13. C. L. Wyatt, Radiometric System Design (Macmillan, New York, 1987).

1995 (2)

P. T. Ong, J. M. Gordon, A. Rabl, W. Cai, “Tailored edge-ray designs for uniform illumination of distant targets,” Opt. Eng. 34, 1726–1737 (1995).
[CrossRef]

P. T. Ong, J. M. Gordon, A. Rabl, “Tailoring lighting reflectors to prescribed illuminance distributions: compact partial-involute designs,” Appl. Opt. 34, 7877–7887 (1995).
[CrossRef] [PubMed]

1994 (4)

1993 (1)

1992 (1)

Cai, W.

P. T. Ong, J. M. Gordon, A. Rabl, W. Cai, “Tailored edge-ray designs for uniform illumination of distant targets,” Opt. Eng. 34, 1726–1737 (1995).
[CrossRef]

Elmer, W. B.

W. B. Elmer, The Optical Design of Reflectors (TLA Lighting Consultants, Salem, Mass., Wiley, New York, 1989); see also 1980 edition.

Gordon, J. M.

Ong, P. T.

P. T. Ong, J. M. Gordon, A. Rabl, “Tailoring lighting reflectors to prescribed illuminance distributions: compact partial-involute designs,” Appl. Opt. 34, 7877–7887 (1995).
[CrossRef] [PubMed]

P. T. Ong, J. M. Gordon, A. Rabl, W. Cai, “Tailored edge-ray designs for uniform illumination of distant targets,” Opt. Eng. 34, 1726–1737 (1995).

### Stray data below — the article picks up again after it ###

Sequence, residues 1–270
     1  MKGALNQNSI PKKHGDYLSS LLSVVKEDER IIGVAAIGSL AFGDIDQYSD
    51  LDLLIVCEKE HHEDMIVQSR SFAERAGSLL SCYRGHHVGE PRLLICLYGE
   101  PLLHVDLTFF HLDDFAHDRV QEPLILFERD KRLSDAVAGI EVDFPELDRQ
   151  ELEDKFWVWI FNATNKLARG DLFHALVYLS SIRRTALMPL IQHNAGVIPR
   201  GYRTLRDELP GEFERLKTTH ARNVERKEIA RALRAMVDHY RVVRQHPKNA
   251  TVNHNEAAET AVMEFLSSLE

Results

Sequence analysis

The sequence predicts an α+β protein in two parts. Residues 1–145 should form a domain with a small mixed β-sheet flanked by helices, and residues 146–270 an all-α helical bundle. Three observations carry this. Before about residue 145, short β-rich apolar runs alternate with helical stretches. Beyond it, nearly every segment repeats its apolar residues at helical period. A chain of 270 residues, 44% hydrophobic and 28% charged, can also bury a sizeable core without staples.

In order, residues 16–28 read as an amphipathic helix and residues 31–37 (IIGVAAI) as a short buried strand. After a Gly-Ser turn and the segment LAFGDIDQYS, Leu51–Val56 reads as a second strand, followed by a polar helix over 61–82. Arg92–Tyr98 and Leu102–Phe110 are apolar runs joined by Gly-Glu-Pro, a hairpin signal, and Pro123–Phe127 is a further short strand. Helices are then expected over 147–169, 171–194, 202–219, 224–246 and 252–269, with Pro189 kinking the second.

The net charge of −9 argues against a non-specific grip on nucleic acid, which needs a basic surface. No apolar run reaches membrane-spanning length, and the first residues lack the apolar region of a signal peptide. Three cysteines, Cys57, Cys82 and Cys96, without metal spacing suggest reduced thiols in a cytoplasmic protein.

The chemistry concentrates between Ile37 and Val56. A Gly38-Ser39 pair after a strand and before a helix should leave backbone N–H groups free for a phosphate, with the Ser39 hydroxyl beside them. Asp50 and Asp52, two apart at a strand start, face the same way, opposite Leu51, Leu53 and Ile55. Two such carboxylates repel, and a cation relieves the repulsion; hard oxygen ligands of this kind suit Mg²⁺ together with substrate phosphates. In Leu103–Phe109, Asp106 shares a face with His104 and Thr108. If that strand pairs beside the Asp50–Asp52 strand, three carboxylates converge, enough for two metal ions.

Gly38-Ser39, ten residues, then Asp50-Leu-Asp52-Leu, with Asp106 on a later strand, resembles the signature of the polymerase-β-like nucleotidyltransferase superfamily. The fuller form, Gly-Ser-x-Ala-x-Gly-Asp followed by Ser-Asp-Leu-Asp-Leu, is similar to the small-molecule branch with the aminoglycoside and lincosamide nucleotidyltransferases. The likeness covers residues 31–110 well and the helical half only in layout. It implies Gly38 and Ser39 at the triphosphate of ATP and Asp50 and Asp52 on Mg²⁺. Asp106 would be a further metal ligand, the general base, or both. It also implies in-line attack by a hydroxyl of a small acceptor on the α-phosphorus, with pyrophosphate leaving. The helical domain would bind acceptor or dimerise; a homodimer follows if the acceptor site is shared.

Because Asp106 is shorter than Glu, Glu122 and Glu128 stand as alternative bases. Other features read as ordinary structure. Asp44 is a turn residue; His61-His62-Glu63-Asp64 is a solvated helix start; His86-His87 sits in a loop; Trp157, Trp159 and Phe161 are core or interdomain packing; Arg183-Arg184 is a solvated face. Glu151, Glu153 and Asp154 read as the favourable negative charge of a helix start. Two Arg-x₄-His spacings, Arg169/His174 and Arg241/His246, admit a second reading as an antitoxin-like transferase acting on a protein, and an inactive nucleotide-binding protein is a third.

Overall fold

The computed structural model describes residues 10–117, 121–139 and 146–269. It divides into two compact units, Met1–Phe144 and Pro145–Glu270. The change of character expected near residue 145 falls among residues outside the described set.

[CrossRef]

Rabl, A.

Ries, H.

Welford, W. T.

W. T. Welford, R. Winston, High Collection Nonimaging Optics (Academic, San Diego, Calif., 1989).

Winston, R.

Wyatt, C. L.

C. L. Wyatt, Radiometric System Design (Macmillan, New York, 1987).

Appl. Opt. (4)

J. Opt. Soc. Am. A (3)

Opt. Eng. (1)

P. T. Ong, J. M. Gordon, A. Rabl, W. Cai, “Tailored edge-ray designs for uniform illumination of distant targets,” Opt. Eng. 34, 1726–1737 (1995).
[CrossRef]

Other (5)

IES Lighting Handbook: Reference Volume (Illuminating Engineering Society of North America, New York, 1984); IES Recommended Practice RP-24-89: Lighting Offices Containing Computer Visual Display Terminals (Illuminating Engineering Society of North America, New York, 1989).